Yesterday President Biden signed The Inflation Reduction Act: a substantial piece of legislation with the largest sum of climate and renewable energy investments in United States history. While this legislation will provide large amounts of funding for resiliency and renewable energy projects, we would be remiss to not acknowledge the equally concerning environmental justice flaws within the bill that the generations of today and tomorrow will be forced to reckon with. Holding this duality is critical in understanding both the good and worrisome implications of The Inflation Reduction Act.

The passage of any climate legislation in the United States is a testament to the power of activists, climate justice champions, and President Biden. Climate legislation in the United States has been threatened by fossil fuel giants and four years of a climate-denying administration who did all in their power to prevent such investments from being made. President Biden and climate champions in Congress, whose election was made possible by grassroots organizing across the United States, managed to carry some climate legislation over the finish line before the window of opportunity potentially closed. That is no small feat. 

The Inflation Reduction Act will invest $369 billion in renewable energy and other technologies to combat the climate crisis in the United States. The legislation is predicted to reduce greenhouse gas emissions to levels 40% lower than 2005 levels by 2030. It provides $1B in grants to increase energy efficiency in affordable housing, $32.5M to collect data on impacts of environmental pollution and climate burdens, $400M to upgrade heavy duty vehicles (school buses, garbage trucks, and public transit buses) to cleaner alternatives in overburdened communities, $37.5M to address air pollution in schools in low-income communities, and $550M to improve drinking water access, among others – all provisions that climate activists and legislative champions have been working hard to achieve for years. 

And Our Climate echoes environmental justice partners and communities’ critical concerns about how several gaps and ties to the fossil fuel industry will harm those most impacted while benefiting fossil fuel corporations. The act leases over 80 million acres in the Gulf South and over 1 million acres in Alaska for oil and gas production, provides higher royalty rates for fossil fuel development on public lands, completion of the damaging Mountain Valley Pipeline running through Appalachian communities, and other concessions to fossil fuel interests (we highly recommend reading this factsheet as well as statements from environmental justice organizations responding to these concerns over the last week).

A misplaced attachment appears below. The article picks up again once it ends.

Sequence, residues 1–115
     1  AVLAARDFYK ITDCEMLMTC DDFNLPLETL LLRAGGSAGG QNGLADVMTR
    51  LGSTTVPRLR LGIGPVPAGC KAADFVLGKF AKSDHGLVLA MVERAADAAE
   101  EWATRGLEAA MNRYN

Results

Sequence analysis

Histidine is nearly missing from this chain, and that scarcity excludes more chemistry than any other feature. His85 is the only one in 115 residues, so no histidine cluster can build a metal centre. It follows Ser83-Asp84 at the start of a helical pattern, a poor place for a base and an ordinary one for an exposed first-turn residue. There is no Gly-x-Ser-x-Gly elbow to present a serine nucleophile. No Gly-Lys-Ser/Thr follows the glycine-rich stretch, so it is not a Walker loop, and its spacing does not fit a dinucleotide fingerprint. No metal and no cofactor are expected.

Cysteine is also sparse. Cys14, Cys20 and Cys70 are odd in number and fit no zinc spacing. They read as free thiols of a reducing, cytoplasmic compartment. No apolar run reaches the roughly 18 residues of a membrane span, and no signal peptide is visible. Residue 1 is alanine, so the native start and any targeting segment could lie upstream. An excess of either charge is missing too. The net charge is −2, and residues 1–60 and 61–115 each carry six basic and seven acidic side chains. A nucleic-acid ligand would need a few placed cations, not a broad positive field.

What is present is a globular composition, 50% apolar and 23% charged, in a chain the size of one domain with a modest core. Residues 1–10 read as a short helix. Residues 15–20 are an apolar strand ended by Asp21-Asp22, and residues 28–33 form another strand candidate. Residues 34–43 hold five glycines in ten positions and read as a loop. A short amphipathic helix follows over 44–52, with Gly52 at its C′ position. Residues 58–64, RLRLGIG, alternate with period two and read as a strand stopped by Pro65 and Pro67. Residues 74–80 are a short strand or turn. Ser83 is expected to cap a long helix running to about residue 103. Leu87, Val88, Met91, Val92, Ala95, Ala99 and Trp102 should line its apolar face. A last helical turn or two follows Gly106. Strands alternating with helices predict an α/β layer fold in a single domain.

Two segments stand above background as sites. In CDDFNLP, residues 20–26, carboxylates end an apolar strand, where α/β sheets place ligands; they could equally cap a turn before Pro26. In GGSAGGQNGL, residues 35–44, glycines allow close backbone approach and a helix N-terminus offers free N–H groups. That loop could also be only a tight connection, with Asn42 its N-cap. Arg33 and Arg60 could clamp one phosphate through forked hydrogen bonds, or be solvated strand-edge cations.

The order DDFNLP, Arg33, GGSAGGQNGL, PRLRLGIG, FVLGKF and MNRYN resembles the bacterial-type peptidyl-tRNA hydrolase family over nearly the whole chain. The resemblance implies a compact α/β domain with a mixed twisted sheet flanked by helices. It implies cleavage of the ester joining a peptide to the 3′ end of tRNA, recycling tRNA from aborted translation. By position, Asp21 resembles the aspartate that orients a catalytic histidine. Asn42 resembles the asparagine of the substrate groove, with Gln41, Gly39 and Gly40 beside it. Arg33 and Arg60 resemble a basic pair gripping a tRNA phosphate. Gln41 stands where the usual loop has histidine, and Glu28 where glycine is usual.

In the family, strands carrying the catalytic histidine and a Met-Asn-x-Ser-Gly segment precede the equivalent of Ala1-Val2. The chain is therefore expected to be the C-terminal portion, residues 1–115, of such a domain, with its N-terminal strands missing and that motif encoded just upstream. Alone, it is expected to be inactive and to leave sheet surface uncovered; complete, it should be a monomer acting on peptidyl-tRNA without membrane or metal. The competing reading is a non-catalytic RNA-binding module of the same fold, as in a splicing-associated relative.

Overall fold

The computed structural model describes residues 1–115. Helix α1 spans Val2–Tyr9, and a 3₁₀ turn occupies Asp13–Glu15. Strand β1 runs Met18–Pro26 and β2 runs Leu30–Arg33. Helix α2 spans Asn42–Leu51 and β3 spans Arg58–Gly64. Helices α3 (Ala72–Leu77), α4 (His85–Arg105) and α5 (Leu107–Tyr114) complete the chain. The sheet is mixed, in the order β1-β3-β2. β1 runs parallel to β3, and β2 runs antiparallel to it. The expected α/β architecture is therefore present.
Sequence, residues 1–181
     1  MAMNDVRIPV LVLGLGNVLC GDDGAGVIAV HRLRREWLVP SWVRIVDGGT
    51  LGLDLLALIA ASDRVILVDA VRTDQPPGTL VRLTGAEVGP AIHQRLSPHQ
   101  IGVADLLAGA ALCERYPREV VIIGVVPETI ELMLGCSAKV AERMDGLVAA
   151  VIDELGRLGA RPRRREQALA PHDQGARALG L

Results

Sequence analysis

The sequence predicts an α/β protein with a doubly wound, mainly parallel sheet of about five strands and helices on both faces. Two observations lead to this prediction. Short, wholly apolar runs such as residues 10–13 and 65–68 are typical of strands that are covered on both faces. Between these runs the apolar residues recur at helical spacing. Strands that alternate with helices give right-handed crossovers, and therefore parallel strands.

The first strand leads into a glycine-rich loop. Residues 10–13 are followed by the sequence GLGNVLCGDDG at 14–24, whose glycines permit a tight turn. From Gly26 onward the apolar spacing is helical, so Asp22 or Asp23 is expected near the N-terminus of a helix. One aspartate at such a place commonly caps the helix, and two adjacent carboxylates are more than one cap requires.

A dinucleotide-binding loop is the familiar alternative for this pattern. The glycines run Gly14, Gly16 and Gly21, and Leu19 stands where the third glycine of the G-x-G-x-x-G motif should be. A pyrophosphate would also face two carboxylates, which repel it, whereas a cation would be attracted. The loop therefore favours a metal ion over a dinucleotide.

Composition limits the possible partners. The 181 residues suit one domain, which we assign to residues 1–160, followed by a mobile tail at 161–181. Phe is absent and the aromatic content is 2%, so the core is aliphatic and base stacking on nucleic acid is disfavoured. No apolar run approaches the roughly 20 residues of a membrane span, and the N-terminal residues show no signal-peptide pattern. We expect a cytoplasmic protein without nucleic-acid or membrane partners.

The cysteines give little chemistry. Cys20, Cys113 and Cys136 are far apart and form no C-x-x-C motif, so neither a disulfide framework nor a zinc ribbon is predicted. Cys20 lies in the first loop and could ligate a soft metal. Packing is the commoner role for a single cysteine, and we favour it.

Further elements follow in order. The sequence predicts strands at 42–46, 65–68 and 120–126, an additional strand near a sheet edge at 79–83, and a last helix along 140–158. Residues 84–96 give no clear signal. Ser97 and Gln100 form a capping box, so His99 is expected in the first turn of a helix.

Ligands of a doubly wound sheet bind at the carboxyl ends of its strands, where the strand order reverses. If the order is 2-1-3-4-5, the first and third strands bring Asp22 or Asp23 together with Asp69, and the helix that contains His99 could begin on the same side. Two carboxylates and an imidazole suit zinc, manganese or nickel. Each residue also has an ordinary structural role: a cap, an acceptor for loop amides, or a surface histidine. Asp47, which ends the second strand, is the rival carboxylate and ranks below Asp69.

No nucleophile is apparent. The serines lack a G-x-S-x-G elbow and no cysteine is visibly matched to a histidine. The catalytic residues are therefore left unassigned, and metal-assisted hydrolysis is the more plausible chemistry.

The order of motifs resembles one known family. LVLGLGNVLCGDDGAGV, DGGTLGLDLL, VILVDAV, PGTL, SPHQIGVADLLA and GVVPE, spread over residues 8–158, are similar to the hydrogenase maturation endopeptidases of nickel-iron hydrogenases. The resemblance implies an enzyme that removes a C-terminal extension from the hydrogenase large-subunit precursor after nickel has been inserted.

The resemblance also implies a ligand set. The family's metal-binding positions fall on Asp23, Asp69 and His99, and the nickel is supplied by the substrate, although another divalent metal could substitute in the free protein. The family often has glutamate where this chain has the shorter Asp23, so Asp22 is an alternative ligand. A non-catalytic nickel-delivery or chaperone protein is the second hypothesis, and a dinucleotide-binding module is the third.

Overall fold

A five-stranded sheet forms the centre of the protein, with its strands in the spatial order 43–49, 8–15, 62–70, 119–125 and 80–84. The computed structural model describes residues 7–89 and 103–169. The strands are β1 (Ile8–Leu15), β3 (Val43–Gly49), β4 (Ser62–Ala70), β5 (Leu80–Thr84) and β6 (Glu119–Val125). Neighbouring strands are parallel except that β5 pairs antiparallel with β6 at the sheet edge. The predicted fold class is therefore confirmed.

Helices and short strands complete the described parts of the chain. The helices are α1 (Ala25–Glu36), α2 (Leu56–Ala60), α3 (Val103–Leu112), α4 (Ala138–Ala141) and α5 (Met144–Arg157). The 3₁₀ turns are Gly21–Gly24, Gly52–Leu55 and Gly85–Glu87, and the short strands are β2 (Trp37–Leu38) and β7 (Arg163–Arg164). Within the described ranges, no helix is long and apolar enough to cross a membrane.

For legislation to be truly just, it must be equitable in both content and in process. Climate justice policy must reverse the way environmental hazards are disproportionately passed on to environmental justice communities and include deep investments in their wellbeing. To be equitable in process, a policy must be actively written, shaped, supported and executed by transparent, diverse coalitions from impacted communities. Those coalitions must work actively to center frontline climate communities including BIPOC communities, low-income people, LGBTQIA+ people, women, people experiencing houselessness, labor groups, farmworkers, people with disabilities, immigrants and undocumented people, and youth. To avoid creating further inequalities, policymakers must look to environmental justice leaders and frontline communities to actively shape legislation. This did not adequately happen.

“Years of activism have resulted in monumental legislation and yet I feel so complex about it. I have learned that life is often met with moments of entangled feelings. Over the past week, I have gone through the highest of highs and lowest of lows of emotions. And you know what? It’s absolutely okay to feel a rollercoaster of sentiments about this. Finally the United States is investing in funding for communities and research!  And also, as a momma, I am worried about the millions of acres that are being handed over to the fossil fuel industry that will inevitably impact the air of my child, future children, grandchildren, and great-grandchildren. As with most activism, the fight is never truly over. So instead of resting all of my attention on my worries, I am going to lean into solutions that will proactively address some of the weaknesses within the bill. My hope is that others will too.” – Jasmine Davenport, Executive Director, Our Climate.   

The shortcomings, fossil fuel concessions, and potential threats that could result from the Inflation Reduction Act must be addressed to ensure that the most vulnerable communities don’t continue to be polluted. The fight for climate justice is nowhere near over. Members of Congress and the Biden administration must act to address the concerns from frontline environmental justice communities, stop the completion of the Mountain Valley Pipeline, codify a regulatory process for accountability, establish a Civilian Climate Corps, declare a climate emergency, and remedy the potential harm that could follow some of the weaknesses in the bill. There is more work to be done and Our Climate’s young climate leaders remain committed to advocating for an equitable, regenerative, thriving world.

Published On: August 17th, 2022 / Categories: Blog /